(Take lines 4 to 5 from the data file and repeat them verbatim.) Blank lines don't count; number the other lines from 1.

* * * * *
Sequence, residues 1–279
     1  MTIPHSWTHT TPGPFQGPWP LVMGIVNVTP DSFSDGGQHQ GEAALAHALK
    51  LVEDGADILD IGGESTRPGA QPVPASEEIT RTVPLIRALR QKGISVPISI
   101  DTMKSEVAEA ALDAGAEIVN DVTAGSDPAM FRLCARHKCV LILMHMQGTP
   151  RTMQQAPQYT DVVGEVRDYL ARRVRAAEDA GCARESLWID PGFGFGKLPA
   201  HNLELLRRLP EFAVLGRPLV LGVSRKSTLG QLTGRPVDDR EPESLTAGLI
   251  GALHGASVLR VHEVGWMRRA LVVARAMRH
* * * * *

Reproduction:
   101  DTMKSEVAEA ALDAGAEIVN DVTAGSDPAM FRLCARHKCV LILMHMQGTP
   151  RTMQQAPQYT DVVGEVRDYL ARRVRAAEDA GCARESLWID PGFGFGKLPA